Nice and Easy

I woke up this morning to scramble some tofu, fry a potato.  We were going for a day hike in Redwood National Park.

We bought a baguette, then armed ourselves with $5 worth of Humboldt Fog and a slice of Truffle Tremor.  We stopped by the ranger station to get our free C Line Road permit plus the combo to the gate.  We sped up Bald Hills Road into the mist.  We found our turnoff and fumbled with the lock on the gate.  I tried the combo backwards, upside down, guessing at hypothetical dyslexic interpretations of the numbers we had written down.  We were about to abandon hope, go for a different hike, when I gave it a frustrated jiggle and it popped open.

Down C Line Road towards Redwood Creek, drifting the Tacoma through muddy corners, wondering where we were going and what it would look like.  At the trail head only a beat up Isuzu Trooper and a bank of mist billowing up through the trees.

We hiked Tall Trees Trail, down steep red clay soil through a tunnel of bright madrone.  We stopped at the interpretive trail markers and Beth was so courteous as to narrate, to direct our attention toward old creek beds, fire carved cavities, the diversity of trees.  If there were no fires, the doug firs might never crack the redwoods.  The early settlers called the fire damaged hollow redwoods goose pens because they made great places to store your fowl.  Vanishing trails, prospector routes, donkeys and pick axes, numbered on markers.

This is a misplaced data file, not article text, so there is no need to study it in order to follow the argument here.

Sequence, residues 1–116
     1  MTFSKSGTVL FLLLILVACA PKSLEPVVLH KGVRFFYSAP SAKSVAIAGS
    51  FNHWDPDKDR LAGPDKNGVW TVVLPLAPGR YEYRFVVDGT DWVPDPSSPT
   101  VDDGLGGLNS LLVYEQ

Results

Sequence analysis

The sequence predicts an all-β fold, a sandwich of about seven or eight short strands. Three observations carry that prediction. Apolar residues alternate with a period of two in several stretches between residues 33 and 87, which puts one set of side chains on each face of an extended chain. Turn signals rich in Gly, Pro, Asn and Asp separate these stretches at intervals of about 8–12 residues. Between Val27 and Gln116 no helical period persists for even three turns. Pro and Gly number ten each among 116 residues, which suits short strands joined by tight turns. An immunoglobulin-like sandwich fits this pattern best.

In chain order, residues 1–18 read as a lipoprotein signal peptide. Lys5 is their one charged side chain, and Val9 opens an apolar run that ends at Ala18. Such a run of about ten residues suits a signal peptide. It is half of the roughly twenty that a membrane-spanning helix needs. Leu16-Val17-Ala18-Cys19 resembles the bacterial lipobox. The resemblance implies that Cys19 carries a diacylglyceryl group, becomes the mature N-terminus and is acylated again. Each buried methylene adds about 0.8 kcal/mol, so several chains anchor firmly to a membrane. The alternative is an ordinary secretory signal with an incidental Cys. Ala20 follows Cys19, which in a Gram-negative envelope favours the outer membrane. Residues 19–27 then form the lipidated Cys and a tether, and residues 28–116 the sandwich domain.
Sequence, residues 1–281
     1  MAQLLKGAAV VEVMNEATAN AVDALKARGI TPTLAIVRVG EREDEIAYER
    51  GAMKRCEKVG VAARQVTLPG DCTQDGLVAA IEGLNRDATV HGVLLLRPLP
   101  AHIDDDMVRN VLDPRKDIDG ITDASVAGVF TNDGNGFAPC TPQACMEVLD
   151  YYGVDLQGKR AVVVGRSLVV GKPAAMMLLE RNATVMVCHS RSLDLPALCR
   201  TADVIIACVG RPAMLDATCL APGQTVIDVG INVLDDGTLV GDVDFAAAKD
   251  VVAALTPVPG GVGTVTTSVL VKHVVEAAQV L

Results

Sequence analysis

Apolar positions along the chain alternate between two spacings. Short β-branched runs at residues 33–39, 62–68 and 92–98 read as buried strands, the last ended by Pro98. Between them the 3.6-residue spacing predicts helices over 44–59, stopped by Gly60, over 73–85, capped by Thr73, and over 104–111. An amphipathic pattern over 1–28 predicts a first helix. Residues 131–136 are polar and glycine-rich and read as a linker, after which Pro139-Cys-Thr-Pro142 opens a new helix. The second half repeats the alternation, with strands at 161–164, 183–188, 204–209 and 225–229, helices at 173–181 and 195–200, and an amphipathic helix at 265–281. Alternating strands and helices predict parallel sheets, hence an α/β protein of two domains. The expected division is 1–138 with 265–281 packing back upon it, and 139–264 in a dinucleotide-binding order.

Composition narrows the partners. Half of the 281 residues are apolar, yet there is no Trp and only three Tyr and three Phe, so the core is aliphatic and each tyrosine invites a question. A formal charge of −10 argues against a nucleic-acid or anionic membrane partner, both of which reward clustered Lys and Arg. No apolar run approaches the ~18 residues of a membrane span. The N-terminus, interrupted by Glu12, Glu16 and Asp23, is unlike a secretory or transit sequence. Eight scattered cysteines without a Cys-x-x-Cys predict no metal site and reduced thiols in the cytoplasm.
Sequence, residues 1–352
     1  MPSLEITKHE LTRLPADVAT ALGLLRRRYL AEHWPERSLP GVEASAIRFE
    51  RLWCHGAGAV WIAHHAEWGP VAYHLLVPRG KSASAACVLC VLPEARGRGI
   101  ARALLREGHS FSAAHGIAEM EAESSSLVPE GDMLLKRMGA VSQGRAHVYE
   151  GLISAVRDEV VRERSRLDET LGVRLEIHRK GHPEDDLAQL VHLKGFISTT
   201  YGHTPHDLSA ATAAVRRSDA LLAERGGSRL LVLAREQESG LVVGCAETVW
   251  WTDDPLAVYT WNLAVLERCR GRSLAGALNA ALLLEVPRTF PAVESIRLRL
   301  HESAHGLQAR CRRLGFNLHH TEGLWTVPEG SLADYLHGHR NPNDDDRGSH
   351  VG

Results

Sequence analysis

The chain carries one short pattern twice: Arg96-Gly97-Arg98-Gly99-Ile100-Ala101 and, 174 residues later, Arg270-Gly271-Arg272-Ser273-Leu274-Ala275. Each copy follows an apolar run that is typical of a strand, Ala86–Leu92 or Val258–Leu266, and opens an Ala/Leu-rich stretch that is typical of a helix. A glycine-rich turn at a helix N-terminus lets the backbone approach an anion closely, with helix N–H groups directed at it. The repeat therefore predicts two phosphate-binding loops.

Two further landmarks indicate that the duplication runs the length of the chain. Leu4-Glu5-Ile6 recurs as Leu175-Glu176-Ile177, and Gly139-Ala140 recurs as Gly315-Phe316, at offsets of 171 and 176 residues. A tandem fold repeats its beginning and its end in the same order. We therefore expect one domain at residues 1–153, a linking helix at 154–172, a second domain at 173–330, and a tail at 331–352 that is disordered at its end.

At the bottom we looped the Tall Trees Trail, on the bank of the creek.  We saw what was considered the tallest tree, as recently as the 80’s.  Mushrooms and sorrel grew from every mossy opportunity.  Big leaf maples stood in circles, leafless in the winter, bursting with miniature ferns like tall spider sculptures.

Redwood Creek moved swiftly, colored cold slate.  I love how all of the rivers and creeks in Humboldt County have different colored waters; they’re trademarks and signatures.  We walked up the bank to a group of tangled logs that looked like a good picnic bench, startling a pair of American Dippers.  I sat down on the log and there was a long, stinky salmon spine sitting next to me.  Who ate that fish?  Whodunnit?  I stared deep into the water, looking for clues but couldn’t come up with anything.  I fumbled a crumble of Humboldt Fog into the water and thought:  fish bait.  I watched closely but nobody came to claim it.

What a magical combination baguette and cheese is!  What a treat.  To sit on a redwood log on Redwood Creek with nobody but my baby and a Steelhead Pale, a carrot and a satsuma mandarin.  To stare deep into the water and let my mind go downstream.

Driving the gravel road back to the gate a Ruffed Grouse liked us and hoped to come along.  It was foraging in the dirt by the side of the road, but when it saw my truck it walked up as I hit the brakes and it pecked around my wheels for seeds.  I backed up and it followed, seeming to demand, “Feed me!  I want some millet!”  We didn’t have any, so I gave it the slip and we sped back to civilization.